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Review on seismic analysis of elevated water tank 2
1. International Journal of Civil Engineering and Technology (IJCIET), ISSN 0976 – 6308(Print), ISSN 0976 – 6316(Online) Volume 4, Issue 2, March - April (2013), © IAEME288REVIEW ON SEISMIC ANALYSIS OF ELEVATED WATER TANKMangulkar Madhuri. N.1,Gaikwad Madhukar V.21Asst. professor Dept. of Structural Engineering, J. N. E. C. Aurangabad (M. S), India2P. G. Student, Dept. of Structural Engineering, J.N.E.C.Aurangabad (M. S.), IndiaABSTRACTElevated Water Tanks are one of the most important lifeline structures in theearthquake regions. In major cities and also in rural areas elevated water tanks forms anintegral part of water supply scheme. The elevated water tanks must remain functional evenafter the earthquakes as water tanks are required to provide water for drinking andfirefighting purpose. These structures has large mass concentrated at the top of slendersupporting structure hence these structure are especially vulnerable to horizontal forces due toearthquakes. All over the word, the elevated water tanks were collapsed or heavily damagedduring the earthquakes because of unsuitable design of supporting system or wrong selectionof supporting system and underestimated demand or overestimated strength. So, it is veryimportant to select proper supporting system and also need to study the response of ElevatedWater Tanks to dynamic forces by both equivalent Static method as well as Dynamic methodand to find out the design parameters for seismic analysis. It is also necessary to consider thesloshing effect on container roof slab. This sloshing of water considerably differ theparametric values used in design and economy of construction. The effect of hydrodynamicpressure must be considered in the seismic analysis of Elevated Water Tank.Keywords – Elevated Water Tank, Seismic analysis.INTRODUCTIONIndian sub- continent is highly vulnerable to natural disasters like earthquake,draughts, floods, cyclones etc. Majority of states or union territories are prone to one ormultiple disasters. These natural calamities are causing many casualties and innumerableproperty loss every year. Earthquakes occupy first place in vulnerability. Hence, it isnecessary to learn to live with these events. According to seismic code IS: 1893(Part I): 2000,more than 60% of India is prone to earthquakes. After an earthquake, property loss can beINTERNATIONAL JOURNAL OF CIVIL ENGINEERING ANDTECHNOLOGY (IJCIET)ISSN 0976 – 6308 (Print)ISSN 0976 – 6316(Online)Volume 4, Issue 2, March - April (2013), pp. 288-294© IAEME: www.iaeme.com/ijciet.aspJournal Impact Factor (2013): 5.3277 (Calculated by GISI)www.jifactor.comIJCIET© IAEME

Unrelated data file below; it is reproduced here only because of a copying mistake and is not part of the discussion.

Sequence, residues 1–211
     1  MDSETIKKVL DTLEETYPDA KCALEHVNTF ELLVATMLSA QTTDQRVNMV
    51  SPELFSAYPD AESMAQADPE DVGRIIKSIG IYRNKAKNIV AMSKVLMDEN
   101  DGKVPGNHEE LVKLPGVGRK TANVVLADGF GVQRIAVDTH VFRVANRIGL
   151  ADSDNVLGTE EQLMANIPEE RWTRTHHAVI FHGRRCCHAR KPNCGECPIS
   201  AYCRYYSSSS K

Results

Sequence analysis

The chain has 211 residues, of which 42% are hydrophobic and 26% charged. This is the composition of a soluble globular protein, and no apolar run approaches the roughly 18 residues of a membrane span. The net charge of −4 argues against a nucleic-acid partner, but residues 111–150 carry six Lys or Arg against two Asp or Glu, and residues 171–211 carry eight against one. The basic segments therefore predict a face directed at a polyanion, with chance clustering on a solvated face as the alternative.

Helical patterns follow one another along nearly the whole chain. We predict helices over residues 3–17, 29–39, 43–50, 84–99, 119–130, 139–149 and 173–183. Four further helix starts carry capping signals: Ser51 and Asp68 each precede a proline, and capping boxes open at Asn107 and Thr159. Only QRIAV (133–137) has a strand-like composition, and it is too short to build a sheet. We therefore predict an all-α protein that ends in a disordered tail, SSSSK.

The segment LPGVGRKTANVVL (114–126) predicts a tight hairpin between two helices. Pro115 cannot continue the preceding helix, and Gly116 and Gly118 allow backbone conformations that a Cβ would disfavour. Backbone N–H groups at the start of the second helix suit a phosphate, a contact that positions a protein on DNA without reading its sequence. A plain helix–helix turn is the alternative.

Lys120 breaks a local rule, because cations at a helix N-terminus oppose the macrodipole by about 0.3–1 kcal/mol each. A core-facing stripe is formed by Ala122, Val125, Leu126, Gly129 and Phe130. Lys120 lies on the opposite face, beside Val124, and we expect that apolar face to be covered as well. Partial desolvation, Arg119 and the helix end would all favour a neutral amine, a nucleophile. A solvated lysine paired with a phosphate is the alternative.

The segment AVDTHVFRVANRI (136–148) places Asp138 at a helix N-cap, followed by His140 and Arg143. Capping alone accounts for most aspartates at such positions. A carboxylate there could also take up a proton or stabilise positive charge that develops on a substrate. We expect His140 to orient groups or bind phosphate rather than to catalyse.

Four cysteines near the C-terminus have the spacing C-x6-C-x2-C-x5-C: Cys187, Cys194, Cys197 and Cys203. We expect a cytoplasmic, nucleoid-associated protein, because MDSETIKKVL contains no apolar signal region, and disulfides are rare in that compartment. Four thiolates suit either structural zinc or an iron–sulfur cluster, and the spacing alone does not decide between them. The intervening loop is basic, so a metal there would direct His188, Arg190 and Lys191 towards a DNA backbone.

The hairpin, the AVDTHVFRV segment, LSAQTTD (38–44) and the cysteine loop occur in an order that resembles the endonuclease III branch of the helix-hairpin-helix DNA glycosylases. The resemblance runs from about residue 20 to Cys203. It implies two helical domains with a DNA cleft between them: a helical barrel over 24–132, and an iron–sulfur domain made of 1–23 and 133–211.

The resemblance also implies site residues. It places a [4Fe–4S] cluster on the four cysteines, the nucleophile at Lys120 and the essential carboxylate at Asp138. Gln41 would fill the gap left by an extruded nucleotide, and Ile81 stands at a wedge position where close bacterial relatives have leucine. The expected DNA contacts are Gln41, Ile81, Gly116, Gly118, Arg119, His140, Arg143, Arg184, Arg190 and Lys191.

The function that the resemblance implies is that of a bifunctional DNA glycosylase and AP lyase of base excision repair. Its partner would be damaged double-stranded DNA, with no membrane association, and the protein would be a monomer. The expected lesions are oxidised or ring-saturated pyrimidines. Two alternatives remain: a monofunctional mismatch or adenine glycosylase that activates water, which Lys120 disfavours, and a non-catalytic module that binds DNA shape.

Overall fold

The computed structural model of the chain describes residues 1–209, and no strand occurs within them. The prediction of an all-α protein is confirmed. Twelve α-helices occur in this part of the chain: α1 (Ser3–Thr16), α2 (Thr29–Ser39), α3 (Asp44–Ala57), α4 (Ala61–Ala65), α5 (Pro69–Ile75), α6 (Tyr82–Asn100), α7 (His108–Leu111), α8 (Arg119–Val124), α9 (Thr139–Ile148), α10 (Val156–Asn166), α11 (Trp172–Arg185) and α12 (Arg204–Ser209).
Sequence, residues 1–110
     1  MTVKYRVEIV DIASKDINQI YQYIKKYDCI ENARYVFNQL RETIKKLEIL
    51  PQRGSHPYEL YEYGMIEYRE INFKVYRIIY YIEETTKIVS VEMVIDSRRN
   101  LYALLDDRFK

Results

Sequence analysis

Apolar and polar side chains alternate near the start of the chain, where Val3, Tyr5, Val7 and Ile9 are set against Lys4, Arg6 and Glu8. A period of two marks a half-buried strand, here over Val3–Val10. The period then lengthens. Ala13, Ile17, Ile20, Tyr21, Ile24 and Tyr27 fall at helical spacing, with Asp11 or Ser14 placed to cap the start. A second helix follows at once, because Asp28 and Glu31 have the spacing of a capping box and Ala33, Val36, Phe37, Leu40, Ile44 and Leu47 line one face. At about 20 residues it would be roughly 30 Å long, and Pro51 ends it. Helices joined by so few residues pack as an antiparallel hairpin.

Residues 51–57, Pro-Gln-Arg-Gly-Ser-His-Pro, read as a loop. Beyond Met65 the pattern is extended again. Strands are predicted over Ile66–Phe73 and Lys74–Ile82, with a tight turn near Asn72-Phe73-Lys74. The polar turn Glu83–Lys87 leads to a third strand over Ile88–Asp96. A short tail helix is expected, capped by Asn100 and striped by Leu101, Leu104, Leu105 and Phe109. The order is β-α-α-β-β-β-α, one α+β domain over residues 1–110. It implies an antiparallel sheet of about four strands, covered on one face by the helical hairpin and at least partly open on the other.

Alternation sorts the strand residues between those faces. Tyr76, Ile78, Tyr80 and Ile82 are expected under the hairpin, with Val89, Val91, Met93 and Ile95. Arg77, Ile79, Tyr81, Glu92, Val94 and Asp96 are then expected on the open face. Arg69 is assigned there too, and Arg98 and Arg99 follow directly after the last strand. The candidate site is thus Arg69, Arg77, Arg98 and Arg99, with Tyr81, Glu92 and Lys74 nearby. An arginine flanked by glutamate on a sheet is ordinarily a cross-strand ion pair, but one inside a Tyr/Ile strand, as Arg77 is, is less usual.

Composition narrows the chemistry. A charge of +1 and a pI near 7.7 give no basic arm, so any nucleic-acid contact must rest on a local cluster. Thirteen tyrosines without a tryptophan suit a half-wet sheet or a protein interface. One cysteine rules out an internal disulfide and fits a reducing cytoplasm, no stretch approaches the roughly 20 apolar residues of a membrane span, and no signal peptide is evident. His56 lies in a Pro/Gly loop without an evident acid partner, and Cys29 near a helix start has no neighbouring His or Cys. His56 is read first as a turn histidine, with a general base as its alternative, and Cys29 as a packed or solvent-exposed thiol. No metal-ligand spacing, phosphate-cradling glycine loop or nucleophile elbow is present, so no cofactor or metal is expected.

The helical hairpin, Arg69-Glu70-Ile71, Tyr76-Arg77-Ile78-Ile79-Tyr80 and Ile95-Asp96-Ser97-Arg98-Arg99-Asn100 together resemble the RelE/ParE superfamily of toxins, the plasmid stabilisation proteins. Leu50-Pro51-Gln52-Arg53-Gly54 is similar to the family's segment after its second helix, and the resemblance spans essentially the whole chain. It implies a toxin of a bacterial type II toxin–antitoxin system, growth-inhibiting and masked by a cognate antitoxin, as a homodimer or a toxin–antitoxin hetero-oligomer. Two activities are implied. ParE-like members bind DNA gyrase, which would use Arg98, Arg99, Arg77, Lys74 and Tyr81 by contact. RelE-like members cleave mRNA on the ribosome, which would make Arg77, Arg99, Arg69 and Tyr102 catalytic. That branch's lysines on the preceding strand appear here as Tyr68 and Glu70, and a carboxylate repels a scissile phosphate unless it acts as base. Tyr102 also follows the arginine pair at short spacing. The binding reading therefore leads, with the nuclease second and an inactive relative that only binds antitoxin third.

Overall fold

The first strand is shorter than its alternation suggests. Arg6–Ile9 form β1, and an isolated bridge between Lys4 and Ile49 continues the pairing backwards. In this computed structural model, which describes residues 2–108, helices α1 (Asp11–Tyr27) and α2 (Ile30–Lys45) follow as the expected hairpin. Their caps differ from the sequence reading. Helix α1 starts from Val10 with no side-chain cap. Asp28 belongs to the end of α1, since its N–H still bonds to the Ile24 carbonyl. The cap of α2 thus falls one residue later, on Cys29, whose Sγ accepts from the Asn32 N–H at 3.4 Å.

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International Journal of Civil Engineering and Technology (IJCIET), ISSN 0976 – 6308(Print), ISSN 0976 – 6316(Online) Volume 4, Issue 2, March - April (2013), © IAEME289recovered to some extent however, the life loss cannot. The main resign for life loss iscollapse of structures. It is said that earthquake itself never kills people; it is badlyconstructed structures that kill. Hence it is important to analyze the structure properly forearthquake effects.Water supply is a life line facility that must remain functional following disaster. Mostmunicipalities in India have water supply system which depends on elevated water tanks forstorage. Elevated water tank is a large elevated water storage container constructed for thepurpose of holding a water supply at a height sufficient to pressurize a water distributionsystem. These structures have a configuration that is especially vulnerable to horizontalforces like earthquake due to the large total mass concentrated at the top of slender supportingstructure. So it is important to check the severity of these forces for particular region.The main purpose of this paper is to study the response of elevated water tank todynamic forces by both equivalents Static method as well as Dynamic method and to findbasic design parameters. It is also necessary to find out the effect of sloshing of water on roofslab of tank container during the earthquake. For seismic analysis, it is necessary to considerthe effect of hydrodynamic pressure on sides of container as well as base slab of container. Itis also necessary to consider the effect of pressure due to wall inertia & effect of verticalground acceleration in the seismic analysis of elevated water tank.REVIEW OF LITERATUREMuch of a literature has presented in the form of technical papers till date on thedynamic analysis of Elevated Water Tanks. Different issues and the points are covered in thatanalysis i.e. dynamic response to ground motion, sloshing effect on tank, dynamic responseof framed staging etc. Some of those are analyzed belowGeorge W. Housner [1963]The basic plot behind this paper was the Chilean Earthquake, took place in 1960. Inthis earthquake most of the elevated water tanks are totally collapse or badly distorted. Thispaper was clearly speaks about the relation between the motion of water in the tank withrespect to tank and motion of whole structure with respect to ground. He has considered threebasic conditions for this analysis. He said that if water tank is fully filled i.e. without freeboard then the sloshing effect of water is neglected, if the tank is empty then no sloshing aswater is absent. In above two cases water tower will behave as one-mass structure. But inthird case i.e. water tank is partially filled, the effect of sloshing must be considered. In thatcase the water tower will behave as two-mass structure. Finally he concluded that the tankfully filled is compared with the partially filled tank then it is seen that the maximum force towhich the half-full tank is subjected may be significantly less than half the force to which thefull tank is subjected. The actual forces may be as little as 1/3 of the forces anticipated on thebasic of a completely full tank.Sudhir Jain K. & U. S. Sameer [1991]IS code provision for seismic design of elevated water tanks have been revised. It isseen that, due to absence of a suitable value of performance factor for tanks, the codeprovision for rather low seismic design force for these structure. Simple expressions arederived, which allow calculations of staging stiffness, and hence the time period, whileincorporating beam flexibility. The code must include an appropriate value of performance